Silks of Northeast India Truly a Treasure and Pride of the Nation

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Silks-of-Northeast-India
Image – Pxfuel

Northeast India is home to one of India’s vast ecosystems, tradition, culture, and hub of the indigenous clothing industry. Travellers and locals of the Northeast know that the natural spectrum of the states is one of their defining features. Another outstanding feature is that Northeast India is an abode for silk. 

Silks authentic to the Northeast are woven into some indigenous clothes of the country. Also, some trendy types of sarees are born out of the skilful works of the locals of the states. The Northeast silk works have some influences from Bengal. But what makes the majority of the silk work of the place authentic is its inspiration from the abundant nature at their disposal.  

Here, we will talk about the silks found indigenously in the Northeast, the types of sarees the silks result in, and some unique features found in the works of the Northeast sarees and silks.  

Silks of Northeast India

Northeast India - Intro
Image – Pxfuel

Sericulture has been a part of India for a long time. Northeast, one of the enormous biodiversity of the country, has its unique Seri-biodiversity. The sericulture has overall had a significant impact in the Northeast. From nurturing nature to improving the economy, the region has become a hub for some unique silks that are primitive.  

Assam is the gateway to the Northeast. The indigenous silks of Assam have been in production since time immemorial. Sual Kuchi is now the hub of the Assam silk industry.  

Here are some of the results of the skilful sericulture of Northeast India- 

Eri Silk 

Northeast India - Eri Silk
Image – Pxhere

Eri silk is one of the most traditional silks of the Northeast, particularly in Assam and Meghalaya and has a unique characteristic. It is born out of the Samia ricini caterpillar. While extracting the cocoon does not kill the silkworm. This gives the Eri silk the name of Peace Silk. 

The silkworm takes 30 days to grow into its actual size. It primarily feeds on castor leaves. Once it achieves its complete form, it spins the silk in its cocoon for another 15 days. At last, the silk is processed when the moth leaves the cocoon.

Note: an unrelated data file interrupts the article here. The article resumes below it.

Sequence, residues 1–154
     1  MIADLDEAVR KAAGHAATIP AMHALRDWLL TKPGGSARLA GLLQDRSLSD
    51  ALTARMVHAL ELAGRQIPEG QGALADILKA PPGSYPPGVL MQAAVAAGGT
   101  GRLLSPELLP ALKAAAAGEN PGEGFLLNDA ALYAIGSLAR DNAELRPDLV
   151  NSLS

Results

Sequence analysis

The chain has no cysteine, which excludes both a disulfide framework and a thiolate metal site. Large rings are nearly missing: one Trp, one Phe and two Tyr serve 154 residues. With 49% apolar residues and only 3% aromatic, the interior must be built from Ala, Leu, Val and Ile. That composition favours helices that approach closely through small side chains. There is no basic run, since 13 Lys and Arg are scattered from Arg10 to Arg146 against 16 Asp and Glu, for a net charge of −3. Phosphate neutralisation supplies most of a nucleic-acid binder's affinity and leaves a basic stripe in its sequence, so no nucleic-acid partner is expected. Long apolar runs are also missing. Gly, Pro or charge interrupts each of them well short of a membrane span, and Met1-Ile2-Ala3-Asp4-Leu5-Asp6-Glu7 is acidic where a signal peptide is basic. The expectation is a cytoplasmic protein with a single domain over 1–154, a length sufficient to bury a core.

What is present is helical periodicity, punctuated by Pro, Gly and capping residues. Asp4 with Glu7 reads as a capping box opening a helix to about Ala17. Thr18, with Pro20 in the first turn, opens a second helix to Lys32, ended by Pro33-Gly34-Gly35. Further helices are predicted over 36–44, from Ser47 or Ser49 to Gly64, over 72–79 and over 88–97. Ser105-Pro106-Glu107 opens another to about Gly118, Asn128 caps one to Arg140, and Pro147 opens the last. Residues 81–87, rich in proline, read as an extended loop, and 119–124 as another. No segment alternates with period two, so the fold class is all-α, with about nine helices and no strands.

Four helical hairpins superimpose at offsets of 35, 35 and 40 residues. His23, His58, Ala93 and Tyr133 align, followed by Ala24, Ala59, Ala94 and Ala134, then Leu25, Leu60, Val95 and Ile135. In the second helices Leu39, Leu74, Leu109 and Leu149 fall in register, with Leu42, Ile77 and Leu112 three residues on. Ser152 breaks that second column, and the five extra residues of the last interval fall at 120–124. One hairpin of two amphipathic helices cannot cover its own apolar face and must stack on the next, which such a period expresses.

The tribal and rural women of the region carry out the processing, spinning, and weaving of the silk. The dye given to the silk is also natural, staying true to the ilk of the silk.  

The final product of the silk, Eri clothes, has been a part of the daily life of the natives of the Northeast. It’s fine qualities like the durability, comfort of cotton, the warmth of wool together make the Eri silk a preferred choice. The Eri clothes get softer with every use.  

The natural qualities of the Eri silk, along with the texturing of the cloth, have made it pride of the Northeast. The popularity of this silk requires a lot of production. Bihar and Uttar Pradesh also produce this silk now.  

Muga Silk 

Northeast India - Muga Silk
Image – Wikimedia commons

Also known as the Golden Treasure of Assam, Muga silk is another authentic silk of the Northeast. The silk from the Antheraea Assamensis silkworm results in the Muga silk. The worm is endemic to Assam. The silkworm finds nourishment from Som, and Soalu leaves. The resulting silk has durability and is of a glossy texture.  

Historically, Muga silk was first achieved during the Ahom dynasty (1228-1826). The Ahom kings wore Muga silk resulting in Muga as the royal silk. As a symbol of the most acceptable local offering, the royal visitors were given Muga silk. It was then that Muga culture became popular and an integral part of the economic and social lives of the state.   

Muga silk has been given the Geographical Indication status since 2007. The Assam Science Technology and Environmental Council is the production unit of authentic Muga silk. This further supports the claim of Muga silk being a symbol of Northeast India.